I note that we assume, and have for hundreds of years, that remembering that day means saying that we left Egypt, but Torah Temimah cites a Yerushalmi in Berachot (3;1) that takes it in a different direction. According to the Yerushalmi, the reference to “all the days of your lives” means that we are only obligated in this mitzvah at times when we are involved in life, exempting those who have the status of onen, being involved in burying a deceased relative. Surprisingly, though, the Yerushalmi uses it to prove that the person is exempt from reciting Shema and wearing tefillin.
This is surprising in two ways, both noted and explained by Torah Temimah. First, an onen is exempt from all mitsvot, not just those two. Torah Temimah suggests that the importance of these mitsvot might have led us to think that we could not exempt an onen from them. Second, this is not the technical source, even for the Yerushalmi, since the real reason for the exemption is that the person is too heavily involved in the matters related to the relative to be able to give attention to anything else. Nonetheless, Torah Temimah argues, the Yerushalmi saw value in offering this quasi-textual support.
More striking to me is that the Yerushalmi used a verse that we tend to think means only reciting the words at the end of the 3rd paragraph of Shema (I am the Lord your God Who took you out of the Land of Egypt…) and applied it to the Shema broadly and to the wearing of tefillin. This offers some reason why Rambam would have gone out of his way to point out that remembering the Exodus daily is a part of Shema and also supports Ramban’s claim that the Exodus and its memory is not a discrete memory so much as a recurrent underlying part of many of our daily Jewish experiences.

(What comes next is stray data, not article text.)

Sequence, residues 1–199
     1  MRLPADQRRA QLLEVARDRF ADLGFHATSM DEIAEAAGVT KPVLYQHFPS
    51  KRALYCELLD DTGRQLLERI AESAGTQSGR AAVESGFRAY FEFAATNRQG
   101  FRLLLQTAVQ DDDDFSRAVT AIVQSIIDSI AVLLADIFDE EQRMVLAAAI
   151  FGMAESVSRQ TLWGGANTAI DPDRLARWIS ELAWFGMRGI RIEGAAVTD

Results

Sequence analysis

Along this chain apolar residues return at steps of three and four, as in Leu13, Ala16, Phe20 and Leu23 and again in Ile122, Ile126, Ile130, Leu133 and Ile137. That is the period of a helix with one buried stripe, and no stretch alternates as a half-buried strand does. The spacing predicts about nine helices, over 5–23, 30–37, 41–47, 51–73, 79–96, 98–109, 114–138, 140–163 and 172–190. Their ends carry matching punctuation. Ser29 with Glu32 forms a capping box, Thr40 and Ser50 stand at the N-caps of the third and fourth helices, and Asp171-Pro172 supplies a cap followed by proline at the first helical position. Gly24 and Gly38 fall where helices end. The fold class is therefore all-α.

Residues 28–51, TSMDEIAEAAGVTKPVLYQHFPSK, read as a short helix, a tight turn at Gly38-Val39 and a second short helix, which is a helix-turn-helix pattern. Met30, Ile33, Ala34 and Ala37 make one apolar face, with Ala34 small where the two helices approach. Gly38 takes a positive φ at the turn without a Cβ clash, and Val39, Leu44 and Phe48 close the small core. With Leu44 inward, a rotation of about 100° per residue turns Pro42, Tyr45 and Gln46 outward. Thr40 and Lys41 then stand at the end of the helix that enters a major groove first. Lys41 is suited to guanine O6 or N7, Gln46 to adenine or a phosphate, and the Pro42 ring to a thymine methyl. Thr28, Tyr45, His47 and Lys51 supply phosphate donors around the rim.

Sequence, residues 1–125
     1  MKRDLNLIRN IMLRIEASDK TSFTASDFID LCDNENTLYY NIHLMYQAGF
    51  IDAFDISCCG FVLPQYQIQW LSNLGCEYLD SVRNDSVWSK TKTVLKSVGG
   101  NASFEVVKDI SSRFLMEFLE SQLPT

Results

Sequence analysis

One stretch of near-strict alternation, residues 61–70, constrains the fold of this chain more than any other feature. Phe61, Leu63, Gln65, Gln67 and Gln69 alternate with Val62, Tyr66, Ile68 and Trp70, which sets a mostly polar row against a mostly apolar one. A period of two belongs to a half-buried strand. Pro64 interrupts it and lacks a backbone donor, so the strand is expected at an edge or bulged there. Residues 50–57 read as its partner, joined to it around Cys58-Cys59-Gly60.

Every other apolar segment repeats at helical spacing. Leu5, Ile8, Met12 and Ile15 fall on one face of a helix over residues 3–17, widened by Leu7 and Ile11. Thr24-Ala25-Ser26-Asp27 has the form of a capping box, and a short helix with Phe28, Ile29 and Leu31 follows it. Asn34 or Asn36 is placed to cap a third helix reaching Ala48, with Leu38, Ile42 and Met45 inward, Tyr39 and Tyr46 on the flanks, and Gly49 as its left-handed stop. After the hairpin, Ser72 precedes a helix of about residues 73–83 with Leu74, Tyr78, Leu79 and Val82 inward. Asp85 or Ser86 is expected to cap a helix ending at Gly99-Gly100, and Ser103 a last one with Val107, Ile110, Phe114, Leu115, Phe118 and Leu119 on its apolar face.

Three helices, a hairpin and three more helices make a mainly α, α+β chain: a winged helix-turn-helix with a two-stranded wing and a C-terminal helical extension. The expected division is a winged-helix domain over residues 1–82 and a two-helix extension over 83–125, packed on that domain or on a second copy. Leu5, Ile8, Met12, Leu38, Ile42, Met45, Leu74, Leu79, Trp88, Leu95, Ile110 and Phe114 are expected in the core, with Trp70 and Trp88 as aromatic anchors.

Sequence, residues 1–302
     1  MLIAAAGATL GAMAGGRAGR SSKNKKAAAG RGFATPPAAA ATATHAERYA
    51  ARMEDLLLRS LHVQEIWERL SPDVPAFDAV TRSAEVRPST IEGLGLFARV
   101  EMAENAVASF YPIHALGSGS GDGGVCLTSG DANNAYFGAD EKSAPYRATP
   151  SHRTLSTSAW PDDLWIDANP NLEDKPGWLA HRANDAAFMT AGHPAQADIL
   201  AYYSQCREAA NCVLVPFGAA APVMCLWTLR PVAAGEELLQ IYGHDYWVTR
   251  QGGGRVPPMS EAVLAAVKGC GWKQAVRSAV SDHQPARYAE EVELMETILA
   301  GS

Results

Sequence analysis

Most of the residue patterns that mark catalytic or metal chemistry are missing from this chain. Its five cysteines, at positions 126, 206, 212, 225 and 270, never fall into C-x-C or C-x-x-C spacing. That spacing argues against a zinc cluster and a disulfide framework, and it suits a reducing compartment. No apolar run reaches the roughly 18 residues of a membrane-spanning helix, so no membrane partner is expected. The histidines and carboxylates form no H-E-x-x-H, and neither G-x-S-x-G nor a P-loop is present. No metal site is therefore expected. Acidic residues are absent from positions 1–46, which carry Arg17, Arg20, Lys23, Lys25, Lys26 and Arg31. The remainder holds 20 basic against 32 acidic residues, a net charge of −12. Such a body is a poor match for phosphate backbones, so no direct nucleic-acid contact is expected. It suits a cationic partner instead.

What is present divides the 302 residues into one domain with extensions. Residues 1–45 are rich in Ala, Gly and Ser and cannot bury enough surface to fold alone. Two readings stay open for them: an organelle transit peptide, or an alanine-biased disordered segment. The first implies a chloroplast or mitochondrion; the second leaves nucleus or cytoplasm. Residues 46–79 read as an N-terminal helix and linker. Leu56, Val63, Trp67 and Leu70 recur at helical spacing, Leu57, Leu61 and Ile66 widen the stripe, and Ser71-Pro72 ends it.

The Belief is in the Details
If so, it would seem that we would be better off going into greater daily detail than just the bare fact of the Exodus, and indeed three significant sources suggest it is so. First, in his Haggadah, R. Shimon b. Zemach Duran (late 14th, early 15th century Spain and North Africa, forced to flee the riots of 1391 and move to Algiers) says that whoever speaks at length about the events of the Exodus at any time in the year is praiseworthy.
More significantly, R. Ovadya Yosef assumes that the ideal fulfillment of this obligation includes at least also mentioning the killing of the Egyptian first-born and the splitting of the Sea. This latter inclusion assumes not only that we should go into the Exodus in detail, at least ideally, but that we should go beyond the scope of the event of leaving Egypt, at least extending to when we were finally free of worry about the Egyptians.
Once we mentioned the splitting of the Sea, let me note an anomaly that, to me, debunks some of the most insistently rationalistic readings of Rambam’s writings. In the commentary on Avot, where the Mishnah mentions there were ten miracles in Egypt and ten at the Sea, Rambam chooses to expound on the ten at the Sea at length. I say “chooses,” because Rambam opened his commentary to that tractate by announcing that he would not insist on interpreting every Mishnah, but would stick only to those that taught matters of belief or character. If so, he had no need to simply recount Midrashic sources about the splitting of the Sea, unless he thought they fostered matters of right thinking or character.